Working in partnership with expert third-parties means banks can provide a wider range of solutions at low cost to the customer, writes Anders la Cour, co-founder and CEO of Banking Circle

Working together for better cross-border banking

Banks and fintechs can gain significant cost saving and efficiency benefits, and remain more competitive, through collaboration within the financial ecosystem. But how can these partnerships help improve access to cross-border payments specifically?  

Our 2020 research found that 70% of banks across Europe consider cross-border payments to be a core banking service. Yet the offering remains too slow, too expensive, and ultimately inaccessible to so many businesses.

Delivering both core and non-core services that customers need is fundamental to growing bank revenues, as well as remaining competitive in a market full of innovative new entrants. The challenge is though, that banks often struggle to build and deliver innovative solutions that meet new market needs and in the competitive market of 2021, that puts them at risk of losing clients.

Serving a global customer base

The swathe of online marketplaces is allowing even the smallest business to serve customers all over the world. However, even those startups or small and medium-sized enterprises (SMEs) that can afford to absorb the marketplace fees are faced with the potential added cost of cross-border transactions and all their inevitable delays and added transfer fees.

Smaller banks find cross-border payments even more of a challenge than the larger incumbents, in part due to their small volumes and the high cost of fees, foregin exchange rates and the resources required for processing such payments through the traditional correspondent banking network. This means small banks are less able to support their corporate customers in their international expansion.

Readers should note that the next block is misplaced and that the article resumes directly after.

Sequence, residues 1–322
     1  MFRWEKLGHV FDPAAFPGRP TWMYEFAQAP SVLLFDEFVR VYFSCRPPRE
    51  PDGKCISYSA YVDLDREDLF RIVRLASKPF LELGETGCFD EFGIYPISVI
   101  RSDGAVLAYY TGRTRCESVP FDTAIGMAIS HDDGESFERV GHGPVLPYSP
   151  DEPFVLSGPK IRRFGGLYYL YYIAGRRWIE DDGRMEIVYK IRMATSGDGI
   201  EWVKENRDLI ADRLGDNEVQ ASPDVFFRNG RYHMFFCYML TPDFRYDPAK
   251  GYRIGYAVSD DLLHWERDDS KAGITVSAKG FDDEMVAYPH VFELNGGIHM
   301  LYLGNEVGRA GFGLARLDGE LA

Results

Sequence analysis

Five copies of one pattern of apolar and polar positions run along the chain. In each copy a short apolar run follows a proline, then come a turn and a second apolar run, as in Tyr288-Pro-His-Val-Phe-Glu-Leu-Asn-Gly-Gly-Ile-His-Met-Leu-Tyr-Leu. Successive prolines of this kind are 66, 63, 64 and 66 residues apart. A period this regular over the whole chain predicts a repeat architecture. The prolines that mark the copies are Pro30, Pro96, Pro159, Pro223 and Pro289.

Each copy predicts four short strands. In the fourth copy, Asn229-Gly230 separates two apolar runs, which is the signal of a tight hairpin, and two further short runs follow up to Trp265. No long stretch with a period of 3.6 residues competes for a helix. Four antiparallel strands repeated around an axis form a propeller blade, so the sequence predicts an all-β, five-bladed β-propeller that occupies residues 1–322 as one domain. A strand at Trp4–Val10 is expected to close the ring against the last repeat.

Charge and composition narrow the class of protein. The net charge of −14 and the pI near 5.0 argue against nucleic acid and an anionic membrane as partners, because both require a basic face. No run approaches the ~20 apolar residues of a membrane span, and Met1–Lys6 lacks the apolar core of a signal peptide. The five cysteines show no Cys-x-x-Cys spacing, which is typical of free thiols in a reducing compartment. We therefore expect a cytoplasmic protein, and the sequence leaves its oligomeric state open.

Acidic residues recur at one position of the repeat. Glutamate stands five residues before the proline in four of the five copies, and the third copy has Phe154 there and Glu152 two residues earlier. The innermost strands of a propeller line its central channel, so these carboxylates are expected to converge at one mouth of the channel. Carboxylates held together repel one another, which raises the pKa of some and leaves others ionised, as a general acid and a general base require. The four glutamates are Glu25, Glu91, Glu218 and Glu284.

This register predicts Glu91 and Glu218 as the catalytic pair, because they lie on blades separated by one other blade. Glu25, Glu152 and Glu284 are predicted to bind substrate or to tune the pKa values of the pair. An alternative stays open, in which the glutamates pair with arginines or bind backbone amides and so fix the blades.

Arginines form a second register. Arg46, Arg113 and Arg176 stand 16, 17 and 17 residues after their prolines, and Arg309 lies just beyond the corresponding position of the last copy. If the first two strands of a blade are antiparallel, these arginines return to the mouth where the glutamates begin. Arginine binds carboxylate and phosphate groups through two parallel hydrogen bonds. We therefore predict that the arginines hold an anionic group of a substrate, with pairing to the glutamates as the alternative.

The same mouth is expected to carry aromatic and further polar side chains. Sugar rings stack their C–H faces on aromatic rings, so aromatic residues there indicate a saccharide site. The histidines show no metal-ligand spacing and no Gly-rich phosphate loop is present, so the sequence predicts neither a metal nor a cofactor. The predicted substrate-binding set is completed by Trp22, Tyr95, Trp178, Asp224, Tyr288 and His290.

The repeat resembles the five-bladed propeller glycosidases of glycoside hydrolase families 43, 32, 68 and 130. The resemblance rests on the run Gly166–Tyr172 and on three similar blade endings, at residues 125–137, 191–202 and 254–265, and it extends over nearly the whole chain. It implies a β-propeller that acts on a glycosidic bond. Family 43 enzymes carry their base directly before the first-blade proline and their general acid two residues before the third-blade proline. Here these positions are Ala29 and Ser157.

If local and regional banks want to offer international payments, they have to find a solution that is not dependent on making changes to legacy systems; and which does not add significantly to their own operational cost. Solutions need to be investment-light yet deliver strong innovation flexible enough to meet rapidly shifting expectations and needs.

The answer, many have already found, lies in collaboration. At the end of 2020 when we conducted our research, half of respondents already had partnerships or plans in place to work with an external provider within the next month. Another third of banks have partnerships on the agenda for the next 12 months.

Collaborating with an expert provider allows banks of all sizes to deliver good solutions quickly and without the same level of investment required for in-house development. Ultimately, if small and mid-sized banks can offer their corporate clients a cheaper, faster alternative, their clients are the winners.

Future-proofing cross-border payments

Last year brought many new challenges and accelerated implementation of banks’ long-standing digitalisation plans as customer needs switched overnight. New partnerships and solutions have helped retail and corporate customers alike to access essential banking solutions in new and better ways, and there is no going back.

International trade has been growing for many years, meaning cross-border payments are a long-term priority for banks of all sizes. Offering business customers access to affordable, friction-free cross border payments, Banks can empower even the smallest merchant to serve customers in any geography, which will bolster international economies at a time when they are in great need.

Working in partnership with expert third-parties means banks can provide a wider range of solutions at low cost to the customer, so they remain competitive and keep hold of their all-important corporate customers. Working with specialist and dedicated partners ensures these objectives can be met without delay, high cost or ongoing commitment to maintenance and development.

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